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Location: UFOUpDatesList.Com > 2013 > Jan > Jan 9

Re: Jim Penniston's Binary Code And Symbols

From: Jason Gammon <boyinthemachine.nul>
Date: Wed, 9 Jan 2013 00:39:56 -0500 (EST)
Archived: Wed, 09 Jan 2013 06:30:42 -0500
Subject: Re: Jim Penniston's Binary Code And Symbols

>From: William Treurniet <wtreurniet.nul>
>To: post.nul
>Date: Tue, 08 Jan 2013 12:33:47 -0500
>Subject: Re: Jim Penniston's Binary Code And Symbols

>>From: Jason Gammon <boyinthemachine.nul>
>>To: post.nul
>>Date: Sun, 6 Jan 2013 01:09:42 -0500 (EST)
>>Subject: Jim Penniston's Binary Code And Symbols

>>Am I the only one who is skeptical of the interpretation given
>>for the binary code Penniston allegedly received from the UFO?

>>I am quite skeptical of it. I interpret the event a little
>>different from most would I suppose. For me, it appears that an
>>intelligent machine attempted to make contact with Penniston. I
>>say machine as the size of the UFO may exclude the potential for
>>a crew. As I view the experience, I sense a machine intelligence
>>attempting to communicate with Penniston and choosing a binary
>>code with the hope that Penniston would be able to comprehend
>>it. I think the communication failed. Since this was done
>>telepathically I could only speculate that the machine lacked
>>the ability to either transmit speech or direct thought as most
>>occupants are reported to be able to do.

>>I am also quite skeptical of the interpretation given for the
>>symbols that were etched onto the fabric of the craft. I think
>>humans have this weird tendency to think too hard and too
>>imaginatively about things like this. When I look at the symbols
>>I see designations of the craft, perhaps it's model and maker
>>and even time stamp. I do not sense any message to humanity in
>>these symbols. I would venture they have no meaning other than
>>to that which services them.

>>I do not blame Penniston in the least. I think he did the best
>>he could under the circumstances. I'm sure the process must be
>>very hard for a machine intelligence to 'dumb itself down'
>>enough to communicate effectively with a human being.

>The interpretation of the binary code supported by Penniston has
>always been problematic. Here on this list as well as other
>places, I described the slap-happy way they decoded it in order
>to get something meaningful.


>I found that Penniston's data from 1980 is better decoded as an
>image using a decoding algorithm encoded in a crop formation in
>2010. The result is a cartoon figure that looks a little like
>Snoopy. I treated the data from beginning to end as 8-bit pixel
>values; i.e., I did not arbitrarily switch between 7 and 8 bit
>ascii and insert missing characters as Penniston's "expert" did.

>The same decoding algorithm also found instantly recognizable
>images in two crop formations that appeared 22 and 30 years
>later. The whole story is told in the following article.


>A source listing of the decoding algorithm and the raw image data
>are included in this file.


>In my opinion, the following rationale best explains the
>presence of the images in the three data sets.

>"Six meaningful images were decoded from the three sets of data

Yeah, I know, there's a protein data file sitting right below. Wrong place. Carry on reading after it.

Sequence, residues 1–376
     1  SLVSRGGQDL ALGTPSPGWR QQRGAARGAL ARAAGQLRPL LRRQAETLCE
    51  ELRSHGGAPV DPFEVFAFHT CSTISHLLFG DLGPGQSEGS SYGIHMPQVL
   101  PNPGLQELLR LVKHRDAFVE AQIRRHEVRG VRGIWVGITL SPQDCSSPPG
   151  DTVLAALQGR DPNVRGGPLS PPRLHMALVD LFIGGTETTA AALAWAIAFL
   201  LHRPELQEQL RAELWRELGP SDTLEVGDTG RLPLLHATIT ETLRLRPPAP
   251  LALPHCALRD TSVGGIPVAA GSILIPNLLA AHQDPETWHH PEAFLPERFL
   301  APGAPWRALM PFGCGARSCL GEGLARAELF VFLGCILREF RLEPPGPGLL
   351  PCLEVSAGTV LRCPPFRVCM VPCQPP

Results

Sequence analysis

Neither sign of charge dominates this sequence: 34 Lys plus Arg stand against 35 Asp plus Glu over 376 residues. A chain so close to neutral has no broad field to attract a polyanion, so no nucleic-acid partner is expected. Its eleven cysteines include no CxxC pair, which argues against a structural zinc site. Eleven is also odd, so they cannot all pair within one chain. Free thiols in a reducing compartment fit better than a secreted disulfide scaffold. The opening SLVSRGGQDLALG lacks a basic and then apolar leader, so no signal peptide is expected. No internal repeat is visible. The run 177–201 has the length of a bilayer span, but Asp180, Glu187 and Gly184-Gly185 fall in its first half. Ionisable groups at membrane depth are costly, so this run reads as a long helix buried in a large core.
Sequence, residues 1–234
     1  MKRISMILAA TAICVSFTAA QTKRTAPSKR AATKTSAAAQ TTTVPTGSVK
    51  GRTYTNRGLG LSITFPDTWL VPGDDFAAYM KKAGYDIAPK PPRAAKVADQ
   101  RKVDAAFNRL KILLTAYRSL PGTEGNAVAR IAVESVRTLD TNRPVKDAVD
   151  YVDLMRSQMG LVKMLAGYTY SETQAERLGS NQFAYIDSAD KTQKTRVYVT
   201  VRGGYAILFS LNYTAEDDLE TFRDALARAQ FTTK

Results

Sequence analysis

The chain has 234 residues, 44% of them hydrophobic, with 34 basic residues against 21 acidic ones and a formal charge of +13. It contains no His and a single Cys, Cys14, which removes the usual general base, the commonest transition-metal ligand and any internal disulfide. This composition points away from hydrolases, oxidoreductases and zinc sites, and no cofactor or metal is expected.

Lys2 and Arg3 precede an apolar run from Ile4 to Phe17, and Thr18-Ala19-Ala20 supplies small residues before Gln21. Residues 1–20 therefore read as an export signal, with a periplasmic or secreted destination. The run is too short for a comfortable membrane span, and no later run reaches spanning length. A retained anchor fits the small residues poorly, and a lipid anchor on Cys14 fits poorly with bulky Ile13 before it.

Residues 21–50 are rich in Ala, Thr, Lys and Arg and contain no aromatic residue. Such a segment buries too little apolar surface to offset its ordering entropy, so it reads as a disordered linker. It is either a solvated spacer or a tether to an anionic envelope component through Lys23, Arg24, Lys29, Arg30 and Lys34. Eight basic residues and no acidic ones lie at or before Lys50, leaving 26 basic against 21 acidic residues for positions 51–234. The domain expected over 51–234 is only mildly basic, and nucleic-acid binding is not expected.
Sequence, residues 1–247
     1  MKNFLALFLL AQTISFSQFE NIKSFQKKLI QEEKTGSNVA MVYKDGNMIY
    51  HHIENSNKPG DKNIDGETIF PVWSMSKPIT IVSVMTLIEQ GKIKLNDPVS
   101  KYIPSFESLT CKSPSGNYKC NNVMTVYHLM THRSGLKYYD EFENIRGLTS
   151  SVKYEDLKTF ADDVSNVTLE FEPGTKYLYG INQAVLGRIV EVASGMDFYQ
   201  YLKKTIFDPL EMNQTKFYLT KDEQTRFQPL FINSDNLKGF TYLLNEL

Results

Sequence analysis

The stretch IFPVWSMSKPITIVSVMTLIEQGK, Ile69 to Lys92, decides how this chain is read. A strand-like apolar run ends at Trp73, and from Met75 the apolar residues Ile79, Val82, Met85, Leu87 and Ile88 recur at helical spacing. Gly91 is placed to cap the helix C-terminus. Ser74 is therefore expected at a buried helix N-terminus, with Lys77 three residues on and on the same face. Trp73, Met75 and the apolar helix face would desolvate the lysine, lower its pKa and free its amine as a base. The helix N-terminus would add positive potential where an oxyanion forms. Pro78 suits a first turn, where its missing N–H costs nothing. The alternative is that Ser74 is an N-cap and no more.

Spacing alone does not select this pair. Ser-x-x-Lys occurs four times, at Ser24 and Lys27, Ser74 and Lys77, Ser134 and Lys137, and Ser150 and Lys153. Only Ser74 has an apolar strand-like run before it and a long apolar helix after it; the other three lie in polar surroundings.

>using the same decoding algorithm. Because the decoding
>algorithm was specified in the latest data set, all of the data
>sets must have been designed by the same agency. Further, we
>were not meant to see the images until 2010 when the decoding
>algorithm was provided. Three of the images offer greetings, and
>the remaining three depict harmless animals and a child. The
>implied message seems to be that we should not fear the authors
>of the images when we eventually meet. Since this message would
>be trivial if the source were a human agency, we may infer that
>the authors are probably not human."

>It is also possible that the project was an operation jointly
>carried out by a human agency and a non-human agency. The images
>may have been a way to test a method of communication between
>them. Either agency might have been the intended recipient. If
>that is true, the images may never have been meant for public

>It is, of course, possible that the entire project spanning 30
>years was carried out by a human agency alone, but I can't think
>of a motive when there is no non-human involvement.

>In any case, by not focusing strictly on Penniston's binary
>data, we can see a bigger picture.


I appreciate the effort you put into it. However, I'm still of
the opinion that the communication failed. Although binary code
is indeed a universal language, most human beings are simply not
capable of translating binary code in their minds. We know
Penniston is not, as he claims he had no idea what binary code
was at the time. The notion that he stored this info in his
brain without forming any errors is also problematic. Memory
doesn't work like that.

The post-hypnosis information is very troublesome. I won't touch
on it here as it appears to be the plot of a bad Sci-Fi flick,
on par with SyFy's Saturday night movies. Plus, Penniston wants
time to figure out if it's what he believes or not. I translate
that as wanting time to get his story straight.

So, I reject the post-hypnosis information.

I still accept the pre-hypnosis information, which does indeed
include the binary codes, just not the interpretation. I
perceive the encounter as a machine-intelligence attempting to
make communication, but the communicaion failed and I will have
to leave it at that.

Jason Gammon

Listen to 'Strange Days... Indeed' - The PodCast



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